Bellevue police chief Steve Mylett said Thursday that authorities have reason to believe that drugs or alcohol could have played a part in an automobile crash Wednesday evening involving Seahawks FB Derrick Coleman, a notion disputed by Coleman’s attorneys. Coleman, 24, remains in King County Jail on suspicion of vehicular assault and hit-and-run, both felonies.
The crash occurred Wednesday evening and resulted in a two-car roll-over in the 13600 block of Southeast 36th Street at approximately 6:20 p.m. Coleman, whom the Seahawks placed on indefinite suspension pending “further information,” was not injured, nor has he been charged. The other driver, a man in a Honda Civic, sustained serious “but not life-threatening” injuries,” according to Mylett.
Coleman departed on foot following the crash and police located him “a significant amount of time” later two blocks from the scene, according to Mylett. He was arrested without incident and then submitted to field sobriety tests and booked into King County Jail. Mylett said the results of blood tests for alcohol and drugs could take weeks to process.
Mylett said Coleman had an obligation, under state law, to remain at the scene, and that his department will “continue to investigate and gather evidence.”
“The burden to determine what happened rests with the Bellevue Police Department,” Mylett. The decision to charge Coleman rests with the King County prosecutor.
Mylett said Coleman was driving a green Dodge pickup truck at approximately 6 p.m. when his vehicle struck the Honda Civic. Mylett said witnesses told police that Coleman was operating his vehicle at a “high rate of speed.”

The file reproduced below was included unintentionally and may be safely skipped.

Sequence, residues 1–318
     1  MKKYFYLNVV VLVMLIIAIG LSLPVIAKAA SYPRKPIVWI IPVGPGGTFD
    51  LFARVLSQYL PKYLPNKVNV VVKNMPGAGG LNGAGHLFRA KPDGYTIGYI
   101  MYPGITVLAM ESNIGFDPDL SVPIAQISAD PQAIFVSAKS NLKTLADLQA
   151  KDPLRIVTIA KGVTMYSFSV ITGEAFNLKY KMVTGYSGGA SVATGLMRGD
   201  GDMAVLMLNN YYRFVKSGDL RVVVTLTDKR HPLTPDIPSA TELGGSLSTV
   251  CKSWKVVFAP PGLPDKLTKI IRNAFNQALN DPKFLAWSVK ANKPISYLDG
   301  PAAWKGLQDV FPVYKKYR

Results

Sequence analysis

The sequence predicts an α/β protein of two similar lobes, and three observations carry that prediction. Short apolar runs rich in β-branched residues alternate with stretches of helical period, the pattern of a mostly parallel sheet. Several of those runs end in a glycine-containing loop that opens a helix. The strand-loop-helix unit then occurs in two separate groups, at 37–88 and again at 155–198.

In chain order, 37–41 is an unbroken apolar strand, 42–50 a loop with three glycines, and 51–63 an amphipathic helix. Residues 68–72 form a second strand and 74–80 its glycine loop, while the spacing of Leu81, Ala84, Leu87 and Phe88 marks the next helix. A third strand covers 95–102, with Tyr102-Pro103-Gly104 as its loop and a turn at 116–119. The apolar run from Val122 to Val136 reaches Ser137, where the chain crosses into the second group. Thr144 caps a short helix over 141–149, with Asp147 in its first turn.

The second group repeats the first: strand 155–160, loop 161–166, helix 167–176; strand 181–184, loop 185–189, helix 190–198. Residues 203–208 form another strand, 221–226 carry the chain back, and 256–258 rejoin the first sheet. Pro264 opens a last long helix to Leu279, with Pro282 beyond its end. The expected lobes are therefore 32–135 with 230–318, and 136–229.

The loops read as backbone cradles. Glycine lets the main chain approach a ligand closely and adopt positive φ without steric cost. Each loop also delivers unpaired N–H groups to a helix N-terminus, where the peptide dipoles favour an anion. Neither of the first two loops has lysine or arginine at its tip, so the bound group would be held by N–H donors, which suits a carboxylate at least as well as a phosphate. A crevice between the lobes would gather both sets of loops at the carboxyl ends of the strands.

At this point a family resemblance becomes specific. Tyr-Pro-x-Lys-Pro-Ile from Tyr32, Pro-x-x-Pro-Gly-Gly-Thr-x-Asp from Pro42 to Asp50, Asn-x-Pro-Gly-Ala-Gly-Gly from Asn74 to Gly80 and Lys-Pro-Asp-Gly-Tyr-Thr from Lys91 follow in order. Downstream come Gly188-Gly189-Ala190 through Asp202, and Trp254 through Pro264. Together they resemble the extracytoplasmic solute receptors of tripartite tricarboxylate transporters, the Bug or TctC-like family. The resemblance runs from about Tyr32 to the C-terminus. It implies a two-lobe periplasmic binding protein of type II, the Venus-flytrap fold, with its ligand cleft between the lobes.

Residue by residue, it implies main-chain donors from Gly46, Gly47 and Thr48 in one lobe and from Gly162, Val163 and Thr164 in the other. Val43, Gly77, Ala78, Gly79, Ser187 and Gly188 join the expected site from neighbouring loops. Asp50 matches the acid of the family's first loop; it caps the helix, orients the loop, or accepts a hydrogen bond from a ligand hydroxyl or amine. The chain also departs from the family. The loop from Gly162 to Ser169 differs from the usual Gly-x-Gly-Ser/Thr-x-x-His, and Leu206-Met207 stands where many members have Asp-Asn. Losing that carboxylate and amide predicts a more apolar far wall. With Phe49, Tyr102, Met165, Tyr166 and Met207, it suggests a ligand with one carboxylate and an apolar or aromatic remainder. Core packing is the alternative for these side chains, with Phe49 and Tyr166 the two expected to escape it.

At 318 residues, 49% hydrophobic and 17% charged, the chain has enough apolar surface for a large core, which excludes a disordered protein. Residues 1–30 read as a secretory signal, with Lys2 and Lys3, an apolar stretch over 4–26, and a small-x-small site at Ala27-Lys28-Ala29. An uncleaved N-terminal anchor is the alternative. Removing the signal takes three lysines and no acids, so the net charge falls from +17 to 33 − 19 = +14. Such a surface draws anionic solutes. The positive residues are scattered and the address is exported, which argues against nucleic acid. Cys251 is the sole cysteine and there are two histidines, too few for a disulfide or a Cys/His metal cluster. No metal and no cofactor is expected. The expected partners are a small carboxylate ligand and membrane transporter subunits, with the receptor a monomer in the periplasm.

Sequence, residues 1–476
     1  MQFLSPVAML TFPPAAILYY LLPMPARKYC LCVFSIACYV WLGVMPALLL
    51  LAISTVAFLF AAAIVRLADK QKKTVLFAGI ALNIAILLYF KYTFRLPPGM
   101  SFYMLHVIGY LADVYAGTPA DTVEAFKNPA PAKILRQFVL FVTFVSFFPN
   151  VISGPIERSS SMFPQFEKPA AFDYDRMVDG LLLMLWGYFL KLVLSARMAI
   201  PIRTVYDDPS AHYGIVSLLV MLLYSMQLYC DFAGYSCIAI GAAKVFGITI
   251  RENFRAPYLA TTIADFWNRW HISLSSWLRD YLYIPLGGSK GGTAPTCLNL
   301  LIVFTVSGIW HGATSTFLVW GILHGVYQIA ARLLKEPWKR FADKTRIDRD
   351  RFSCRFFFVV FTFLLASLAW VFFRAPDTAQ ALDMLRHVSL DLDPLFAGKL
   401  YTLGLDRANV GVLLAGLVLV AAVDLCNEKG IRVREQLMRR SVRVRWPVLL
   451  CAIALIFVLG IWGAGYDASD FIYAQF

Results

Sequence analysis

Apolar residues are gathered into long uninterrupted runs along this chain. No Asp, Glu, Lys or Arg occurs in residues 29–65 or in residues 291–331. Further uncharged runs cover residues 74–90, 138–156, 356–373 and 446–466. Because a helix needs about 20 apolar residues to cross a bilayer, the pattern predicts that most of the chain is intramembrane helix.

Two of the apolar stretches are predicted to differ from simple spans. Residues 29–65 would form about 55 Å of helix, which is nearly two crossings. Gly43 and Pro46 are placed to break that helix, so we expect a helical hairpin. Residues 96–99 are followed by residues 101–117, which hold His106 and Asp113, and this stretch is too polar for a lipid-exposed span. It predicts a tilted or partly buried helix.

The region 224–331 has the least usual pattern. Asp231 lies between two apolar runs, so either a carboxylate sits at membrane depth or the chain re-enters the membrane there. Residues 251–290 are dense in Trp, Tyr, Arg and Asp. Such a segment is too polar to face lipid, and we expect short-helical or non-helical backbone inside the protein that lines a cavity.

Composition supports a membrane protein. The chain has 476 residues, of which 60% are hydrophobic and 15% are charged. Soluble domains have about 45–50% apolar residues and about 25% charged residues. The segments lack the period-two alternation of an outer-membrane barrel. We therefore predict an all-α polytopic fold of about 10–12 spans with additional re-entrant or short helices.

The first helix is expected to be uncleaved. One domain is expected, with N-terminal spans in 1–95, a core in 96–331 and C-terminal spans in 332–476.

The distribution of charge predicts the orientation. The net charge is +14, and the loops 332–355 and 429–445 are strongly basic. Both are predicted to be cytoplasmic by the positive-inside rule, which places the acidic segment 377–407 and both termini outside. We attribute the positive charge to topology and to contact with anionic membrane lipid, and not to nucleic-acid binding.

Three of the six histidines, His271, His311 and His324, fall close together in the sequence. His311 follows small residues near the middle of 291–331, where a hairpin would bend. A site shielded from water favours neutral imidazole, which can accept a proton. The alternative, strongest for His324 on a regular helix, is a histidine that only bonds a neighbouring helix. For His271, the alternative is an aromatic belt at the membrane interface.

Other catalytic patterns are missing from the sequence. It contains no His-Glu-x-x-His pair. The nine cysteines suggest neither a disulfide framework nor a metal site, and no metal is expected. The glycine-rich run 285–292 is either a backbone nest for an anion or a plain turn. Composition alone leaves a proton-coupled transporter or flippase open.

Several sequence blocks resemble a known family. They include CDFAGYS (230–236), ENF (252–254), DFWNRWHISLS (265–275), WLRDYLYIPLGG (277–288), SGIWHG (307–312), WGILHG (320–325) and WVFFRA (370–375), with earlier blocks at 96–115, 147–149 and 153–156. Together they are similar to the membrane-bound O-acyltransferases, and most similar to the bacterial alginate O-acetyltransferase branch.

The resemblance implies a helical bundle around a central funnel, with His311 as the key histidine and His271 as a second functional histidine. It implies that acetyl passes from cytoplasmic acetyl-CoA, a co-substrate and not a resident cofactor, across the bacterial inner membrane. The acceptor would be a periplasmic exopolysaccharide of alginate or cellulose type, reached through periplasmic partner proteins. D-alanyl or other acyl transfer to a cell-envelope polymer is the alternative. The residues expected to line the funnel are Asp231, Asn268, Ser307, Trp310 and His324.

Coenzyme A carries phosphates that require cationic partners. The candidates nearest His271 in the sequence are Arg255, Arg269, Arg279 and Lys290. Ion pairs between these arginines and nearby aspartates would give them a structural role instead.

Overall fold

“As a result of the collision, the Honda Civic was pushed on an embankment, where it came to rest upside down,” Mylett said. “As a result of Mr. Coleman’s actions and subsequent behavior, he was arrested. We did field sobriety tests. He was cooperative throughout.”
After the crash, Coleman, apparently uninjured, walked away. An investigating officer said the other driver was hurt, possibly breaking a collarbone.
Coleman’s attorneys, while acknowledging that the player left the scene, had an explanation for his behavior.
“Our belief is there is a concussion involved,” said attorney Diego Vargas. “He did not knowingly leave the accident.”
Coleman’s agents, Derrick Fox and Mark Bloom, issued a statement:
“While the facts of the case are still being determined, it seems Derrick may have fallen asleep while driving home from a Seahawks facility. The health and well-being of all is our primary concern, and we are thankful to report that both parties are expected to make a full recovery. We will continue to work closely with the local officials while a full investigation is being conducted.”
Mylett would not comment on whether police believe Coleman fell asleep.
Coleman appeared in 22 games since he joined the Seahawks in 2013. He made six starts, including two this year. Coleman missed the final 11 games of the past season after breaking a foot prior to a game against the St. Louis Rams.
Coleman, deaf since he was three years old, played college football at UCLA and signed with the Seahawks Dec. 5, 2012 after he was released by the Minnesota Vikings.